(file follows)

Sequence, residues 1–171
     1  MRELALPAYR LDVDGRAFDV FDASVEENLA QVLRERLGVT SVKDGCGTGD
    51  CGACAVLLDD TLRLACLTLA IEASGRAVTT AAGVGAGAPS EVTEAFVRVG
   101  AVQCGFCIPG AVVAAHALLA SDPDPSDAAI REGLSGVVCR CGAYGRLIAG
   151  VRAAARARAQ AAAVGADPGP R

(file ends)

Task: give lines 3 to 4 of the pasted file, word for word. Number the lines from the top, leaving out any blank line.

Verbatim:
    51  CGACAVLLDD TLRLACLTLA IEASGRAVTT AAGVGAGAPS EVTEAFVRVG
   101  AVQCGFCIPG AVVAAHALLA SDPDPSDAAI REGLSGVVCR CGAYGRLIAG